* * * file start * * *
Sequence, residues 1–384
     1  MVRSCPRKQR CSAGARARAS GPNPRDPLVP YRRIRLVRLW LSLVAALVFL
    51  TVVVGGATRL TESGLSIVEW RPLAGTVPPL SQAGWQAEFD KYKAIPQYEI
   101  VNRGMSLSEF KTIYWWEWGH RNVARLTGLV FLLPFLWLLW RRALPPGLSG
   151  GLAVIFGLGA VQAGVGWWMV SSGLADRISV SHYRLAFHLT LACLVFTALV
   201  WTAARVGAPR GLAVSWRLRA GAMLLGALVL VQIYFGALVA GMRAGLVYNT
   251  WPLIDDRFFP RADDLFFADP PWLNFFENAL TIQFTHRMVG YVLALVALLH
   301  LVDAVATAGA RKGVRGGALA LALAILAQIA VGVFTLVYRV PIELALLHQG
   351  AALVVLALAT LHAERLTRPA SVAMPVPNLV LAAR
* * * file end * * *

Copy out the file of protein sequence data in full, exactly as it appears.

Sequence, residues 1–384
     1  MVRSCPRKQR CSAGARARAS GPNPRDPLVP YRRIRLVRLW LSLVAALVFL
    51  TVVVGGATRL TESGLSIVEW RPLAGTVPPL SQAGWQAEFD KYKAIPQYEI
   101  VNRGMSLSEF KTIYWWEWGH RNVARLTGLV FLLPFLWLLW RRALPPGLSG
   151  GLAVIFGLGA VQAGVGWWMV SSGLADRISV SHYRLAFHLT LACLVFTALV
   201  WTAARVGAPR GLAVSWRLRA GAMLLGALVL VQIYFGALVA GMRAGLVYNT
   251  WPLIDDRFFP RADDLFFADP PWLNFFENAL TIQFTHRMVG YVLALVALLH
   301  LVDAVATAGA RKGVRGGALA LALAILAQIA VGVFTLVYRV PIELALLHQG
   351  AALVVLALAT LHAERLTRPA SVAMPVPNLV LAAR